In the one-and-done era, college basketball fans have grown accustomed to having to get to know a slew of new, highly-touted names and faces each season, many of whom will spend just one year on campus before moving on to the NBA. In 2019, six of the top 10 NBA draft picks were one-and-done, and eight of the 14 lottery picks overall. Not all elite freshmen will pan out, but history dictates that many of them will help headline the sport for the next year—and, for some, maybe even beyond. Just look at last year’s group of rookies we profiled: Tre Jones, Ashton Hagans, Jalen Smith and Devon Dotson lead a whopping 12 former 2018 five-stars back for a sophomore season.
With all of that in mind, SI.com will be introducing you to the top incoming freshmen in college basketball for 2019–20 and breaking down the impact those players could have. The rankings are according to RSCI Hoops, a composite that averages from 25 different expert top-100 lists. Next up is the No. 6 overall recruit, Arizona's Nico Mannion. You can view all of the profiles to date here.
What He Means for Arizona’s Recruiting Class
The crown jewel of Sean Miller’s 2019 class is five-star point guard Nico Mannion. The 6’3”, 190-pound newcomer is the nation’s top-ranked recruit at his position and joins another five-star freshman, wing Josh Green (No. 13), in Tucson. Four-star power forward Zeke Nnaji (No. 38) and three-star center Christian Koloko complete the class. Four-star recruit Terry Armstrong, another wing, was also committed to the Wildcats’ incoming class but opted instead to play overseas in Australia’s National Basketball League. Mannion means Arizona has a talented facilitator and capable scorer to run what’s expected to be a potent offense this season. Expectations are high already for the Mannion–Green duo, and their continued commitment to the program despite additional allegations of possible recruiting violations against Arizona bodes well for the program’s future.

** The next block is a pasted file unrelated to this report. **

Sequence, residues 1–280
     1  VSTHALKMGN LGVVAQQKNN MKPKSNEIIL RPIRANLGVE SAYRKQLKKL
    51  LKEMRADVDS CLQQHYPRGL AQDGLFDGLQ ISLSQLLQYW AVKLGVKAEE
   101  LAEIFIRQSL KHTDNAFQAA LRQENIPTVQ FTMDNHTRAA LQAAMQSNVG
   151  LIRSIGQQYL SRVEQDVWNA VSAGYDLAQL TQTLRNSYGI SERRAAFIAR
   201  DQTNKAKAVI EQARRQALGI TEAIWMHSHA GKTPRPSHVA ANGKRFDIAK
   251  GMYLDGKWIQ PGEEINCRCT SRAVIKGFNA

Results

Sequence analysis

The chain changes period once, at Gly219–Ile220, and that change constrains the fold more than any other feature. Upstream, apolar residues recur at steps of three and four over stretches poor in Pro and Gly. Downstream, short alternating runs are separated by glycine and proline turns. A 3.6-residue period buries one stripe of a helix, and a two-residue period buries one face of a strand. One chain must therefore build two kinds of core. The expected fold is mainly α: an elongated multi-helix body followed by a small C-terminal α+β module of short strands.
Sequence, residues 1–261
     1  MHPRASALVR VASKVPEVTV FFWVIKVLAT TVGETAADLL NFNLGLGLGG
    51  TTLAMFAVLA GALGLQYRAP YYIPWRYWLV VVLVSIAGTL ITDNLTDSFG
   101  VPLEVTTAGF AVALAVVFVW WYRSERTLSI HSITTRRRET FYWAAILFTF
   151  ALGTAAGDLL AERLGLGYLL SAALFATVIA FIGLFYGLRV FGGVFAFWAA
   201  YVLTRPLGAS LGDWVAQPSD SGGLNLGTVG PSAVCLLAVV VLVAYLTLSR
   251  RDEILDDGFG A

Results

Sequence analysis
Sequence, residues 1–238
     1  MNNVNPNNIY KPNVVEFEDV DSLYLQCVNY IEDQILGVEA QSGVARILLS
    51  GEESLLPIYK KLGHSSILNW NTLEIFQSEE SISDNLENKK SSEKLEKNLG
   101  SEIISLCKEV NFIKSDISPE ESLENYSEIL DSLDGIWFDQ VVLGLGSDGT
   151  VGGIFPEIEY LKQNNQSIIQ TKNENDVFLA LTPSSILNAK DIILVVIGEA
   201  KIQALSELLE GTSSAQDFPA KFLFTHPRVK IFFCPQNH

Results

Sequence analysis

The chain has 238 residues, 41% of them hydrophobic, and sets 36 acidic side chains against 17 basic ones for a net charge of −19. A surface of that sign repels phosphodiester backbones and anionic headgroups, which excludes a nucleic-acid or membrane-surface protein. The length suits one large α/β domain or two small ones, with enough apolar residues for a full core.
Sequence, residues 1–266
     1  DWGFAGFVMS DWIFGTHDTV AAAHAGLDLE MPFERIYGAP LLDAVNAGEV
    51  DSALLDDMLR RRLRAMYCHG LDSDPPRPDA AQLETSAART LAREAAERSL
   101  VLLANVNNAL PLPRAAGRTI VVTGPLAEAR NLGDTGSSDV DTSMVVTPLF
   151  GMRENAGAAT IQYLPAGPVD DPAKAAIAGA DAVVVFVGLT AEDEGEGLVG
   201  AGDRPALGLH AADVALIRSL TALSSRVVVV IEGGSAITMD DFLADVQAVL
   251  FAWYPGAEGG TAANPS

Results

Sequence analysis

How He Fits
The top-ranked player in the state of Arizona and a McDonald's All-American who was previously profiled in Sports Illustrated as a 15-year-old, Mannion fills the floor general void that Arizona has been trying to fill since Jahvon Quinerly decommitted in 2017 in the wake of the FBI scandal. Miller’s team was without a pure point guard last season and clearly struggled as a result, despite senior Justin Coleman’s best efforts to run the one. An extremely skilled point guard with a high basketball IQ, Mannion is exactly the puzzle piece the Wildcats have needed for a while. The playmaker averaged a monster 30.4 points, 6.2 rebounds and 6.2 assists as a senior at Pinnacle (Ariz.) High School and demonstrated a well-balanced blend of scoring and creating throughout his high school career. He has good size for a college point guard—although a weak spot would be his strength, as he could benefit from putting on some muscle to hold his own defensively—and a continuously improving athleticism, which bodes well from a developmental standpoint. He has a high-level handle and quick feet which help him create space and get in the lane. He can score from multiple levels, with a consistent three-point shot and a good midrange jumper and floater. He's also shown that he’ll attack the basket without hesitation and can finish creatively around the rim.